My interest in High-Intensity Training continues.
The New High-Intensity Training: The Best Muscle-Building System You’ve Never Tried by Ellington Darden Ph.D. is an outstanding book on the principles of High-Intensity Training. It starts with a history lesson on the early days of HIT with Arthur Jones, Casey Viator, and the Mentzer brothers. At first, I wondered why it was important to put the history of HIT inside a training program, but it made perfect sense after reading those chapters. Much like the nutrition book Good Calories, Bad Calories by Gary Taubes, it really is essential to understand how we came to know information that ended up being completely wrong.
Darden does an excellent job of covering the genetic potential for muscle growth. I already knew that as an ectomorph, my somatype was the least ideal for gaining muscle. After doing the two tests in the book, I confirmed that my physique has the absolute worst potential for size. I’ll share those tests in a future post.
For those unfamiliar with High-Intensity Training, it differs from traditional high volume training in the following ways.
- Shorter more intense workouts.
- 1 set to failure.
- Slower more controlled movements.
- Fewer workouts with a focus on recovery.
There are different methods for High-Intensity Training, but those are some of the most common principles. The New High-Intensity Training covers a lot of different HIT methods.
The New High-Intensity Training is beautifully edited. The book is packed with very tight writing. It has excellent photos that clearly demonstrate each exercise. While reading this book, I was inspired by the photos to try out a few exercises. Last Friday I did negative dips and negative chins using a weighted belt. I used 90 pounds for the dip and 45 pounds on the chin. My arms still haven’t recovered.
My only complaint with this book was the nutritional advice. It was awful. Darden recommends calorie counting and eating nutritionally empty foods such as whole-wheat bread, low-fat dairy, snack bars, and microwave dinners. This book was written in 2004. I hope his thinking has evolved on this topic. I was misguided back then myself.
One of the key components to the success of High-Intensity Training is recovery. My belief is that eating highly nutritious whole foods would help facilitate that goal. What should bodybuilders eat? The foods outlined in the book The 150 Healthiest Foods on Earth, with a bias towards more calories and carbohydrates on training days and less during recovery.
The New High-Intensity Training, despite the few pages on nutrition, was excellent. I read lots of books on fitness. Very few will ever make it into my personal library. This book will.
2020 UPDATE: Darden was likely more correct than I gave him credit for on nutrition. Taubes turned out to be less credible to me.
May 10, 2011 — 9:01 am
Enjoy the site. We share a similar fitness history, although I’m a bit older. Running, triathlons, weights, injuries, lol. I also posssess very little potential for strength and size for someone so dedicated to training and its lore and history.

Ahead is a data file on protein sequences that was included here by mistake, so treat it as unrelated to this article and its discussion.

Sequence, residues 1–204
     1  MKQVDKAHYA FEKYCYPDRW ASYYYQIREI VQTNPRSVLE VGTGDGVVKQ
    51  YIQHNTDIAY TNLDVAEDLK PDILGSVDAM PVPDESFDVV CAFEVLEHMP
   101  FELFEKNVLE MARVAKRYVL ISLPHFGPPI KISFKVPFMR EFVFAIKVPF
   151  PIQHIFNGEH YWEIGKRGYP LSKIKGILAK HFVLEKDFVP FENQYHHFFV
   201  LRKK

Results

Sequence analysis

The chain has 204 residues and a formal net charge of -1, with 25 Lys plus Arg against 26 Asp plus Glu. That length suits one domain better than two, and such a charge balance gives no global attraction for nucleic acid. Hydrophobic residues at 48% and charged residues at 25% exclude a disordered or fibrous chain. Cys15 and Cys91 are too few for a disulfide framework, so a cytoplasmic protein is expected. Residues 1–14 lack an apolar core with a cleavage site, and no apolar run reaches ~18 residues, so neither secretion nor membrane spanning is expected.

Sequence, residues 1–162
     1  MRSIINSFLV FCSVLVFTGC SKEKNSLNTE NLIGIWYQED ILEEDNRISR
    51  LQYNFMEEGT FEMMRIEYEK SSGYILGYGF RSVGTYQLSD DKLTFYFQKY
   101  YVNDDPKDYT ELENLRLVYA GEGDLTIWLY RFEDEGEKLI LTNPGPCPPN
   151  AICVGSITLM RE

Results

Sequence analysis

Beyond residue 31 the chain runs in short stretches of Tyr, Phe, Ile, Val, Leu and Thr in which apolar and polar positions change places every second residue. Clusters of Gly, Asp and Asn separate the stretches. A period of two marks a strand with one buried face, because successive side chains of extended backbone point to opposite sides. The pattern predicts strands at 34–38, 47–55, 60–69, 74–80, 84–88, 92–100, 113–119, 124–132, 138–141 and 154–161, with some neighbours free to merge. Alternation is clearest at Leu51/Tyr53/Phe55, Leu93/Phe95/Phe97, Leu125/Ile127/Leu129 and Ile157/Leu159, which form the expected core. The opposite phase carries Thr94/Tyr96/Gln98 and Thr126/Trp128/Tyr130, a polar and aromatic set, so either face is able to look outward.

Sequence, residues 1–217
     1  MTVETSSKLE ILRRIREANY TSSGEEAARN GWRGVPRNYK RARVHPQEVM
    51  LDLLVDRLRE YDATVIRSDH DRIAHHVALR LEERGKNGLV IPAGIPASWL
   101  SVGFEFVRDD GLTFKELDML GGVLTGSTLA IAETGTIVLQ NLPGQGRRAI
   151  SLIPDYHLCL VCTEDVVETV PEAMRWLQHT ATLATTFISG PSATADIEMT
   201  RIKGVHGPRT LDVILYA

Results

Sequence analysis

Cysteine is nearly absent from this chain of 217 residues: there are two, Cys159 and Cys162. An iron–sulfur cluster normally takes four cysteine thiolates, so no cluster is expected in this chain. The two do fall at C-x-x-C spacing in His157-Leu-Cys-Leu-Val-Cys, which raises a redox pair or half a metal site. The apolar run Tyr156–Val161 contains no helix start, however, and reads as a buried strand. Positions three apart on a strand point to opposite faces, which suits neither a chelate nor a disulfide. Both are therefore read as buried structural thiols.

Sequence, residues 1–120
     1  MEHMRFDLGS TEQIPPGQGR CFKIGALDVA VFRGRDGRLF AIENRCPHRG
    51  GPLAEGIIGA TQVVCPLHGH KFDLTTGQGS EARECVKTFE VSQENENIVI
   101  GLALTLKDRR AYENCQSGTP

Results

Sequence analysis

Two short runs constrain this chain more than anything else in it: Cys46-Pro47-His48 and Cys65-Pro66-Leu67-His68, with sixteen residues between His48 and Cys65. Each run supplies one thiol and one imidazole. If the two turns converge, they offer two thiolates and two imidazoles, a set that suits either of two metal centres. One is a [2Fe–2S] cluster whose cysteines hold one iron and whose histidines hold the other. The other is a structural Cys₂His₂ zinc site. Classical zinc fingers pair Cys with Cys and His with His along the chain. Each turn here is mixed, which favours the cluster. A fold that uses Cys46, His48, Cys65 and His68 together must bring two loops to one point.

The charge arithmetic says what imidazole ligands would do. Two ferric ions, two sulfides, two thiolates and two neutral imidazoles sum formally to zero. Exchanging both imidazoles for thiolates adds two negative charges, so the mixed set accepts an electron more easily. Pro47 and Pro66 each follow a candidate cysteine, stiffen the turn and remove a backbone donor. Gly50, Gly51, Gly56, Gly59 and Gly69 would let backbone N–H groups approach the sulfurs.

Darden is unlikely to change his views on nutrition even though paleo is now part and parcel of the HIT doctrine. I’ve been following him a loooooong time. He came under the influence of one of his college professors who basically defended junk food and claimed everything came down to common sense and calories.
HIT has a certain appeal, but many of its followers are very unattractive to me. There is more than a whiff of arrogance in a few of them, and I pick up a strong right-wing vibe, which speaks a little to the cultish nature of (some) HITers.
Again, I enjoy your posts. Keep them coming.
May 10, 2011 — 10:03 am
@Al – Thanks for the comment. This was my first exposure to Darden. It is excellent and whoever edited this book deserves major props.
I’m sure if I ever shared a coffee with him, I could explain how the same power law variations in training intensity that HIT embraces can easily be applied to nutrition. (with props to Art De Vany for helping me grasp this concept)
May 10, 2011 — 5:30 pm
In your opinion, and after reading the book, can body weight exercises play a role in building muscle?
May 10, 2011 — 5:45 pm
@Greg – Other than outlining dips and chins, this book does not dig into bodyweight exercises. My opinion is that they can help you build muscle. The problem is progressive overload is much easier done with weights. Adding 2% to a push-up is going to be harder than adding 2% to a press movement.
Drew Baye recently covered that topic in the post Bodyweight Versus Weight Training.
One last thought, if all one has is bodyweight options, then reducing the speed of the movement and/or increasing the reps would be a valid strategy of making do with what you have.
May 11, 2011 — 12:02 pm
My impression is that HIT is the easiest way to build muscle and conditioning quickly and effectively; spending only a small amount of time in the gym.
What I’m reading is that in terms of gaining as much strength as possible is that HIT is not nearly as effective, but can be used to get over plateaus.
May 11, 2011 — 3:57 pm
@Matthew – Please share with me what you are reading that states HIT is not nearly as effective for strength gains. Everything I’ve read suggests it is as good or superior.
May 13, 2011 — 4:34 pm
How does this book compare to BBS? Would you recommend one over the other for a beginner? Thanks!
May 13, 2011 — 4:40 pm
@bgt – BBS is probably the best book on fitness I’ve ever read. This book has more photos and is an excellent compliment. It is less technical. BBS gets the nutrition side correct as well. I like them both.